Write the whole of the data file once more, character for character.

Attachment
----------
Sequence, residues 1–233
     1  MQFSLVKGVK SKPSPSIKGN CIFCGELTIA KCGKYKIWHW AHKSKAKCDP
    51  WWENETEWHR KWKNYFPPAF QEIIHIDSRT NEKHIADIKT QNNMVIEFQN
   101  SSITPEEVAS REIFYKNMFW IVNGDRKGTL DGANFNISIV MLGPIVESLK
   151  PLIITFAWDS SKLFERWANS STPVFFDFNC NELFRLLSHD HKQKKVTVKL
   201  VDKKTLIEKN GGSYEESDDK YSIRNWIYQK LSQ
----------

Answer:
Sequence, residues 1–233
     1  MQFSLVKGVK SKPSPSIKGN CIFCGELTIA KCGKYKIWHW AHKSKAKCDP
    51  WWENETEWHR KWKNYFPPAF QEIIHIDSRT NEKHIADIKT QNNMVIEFQN
   101  SSITPEEVAS REIFYKNMFW IVNGDRKGTL DGANFNISIV MLGPIVESLK
   151  PLIITFAWDS SKLFERWANS STPVFFDFNC NELFRLLSHD HKQKKVTVKL
   201  VDKKTLIEKN GGSYEESDDK YSIRNWIYQK LSQ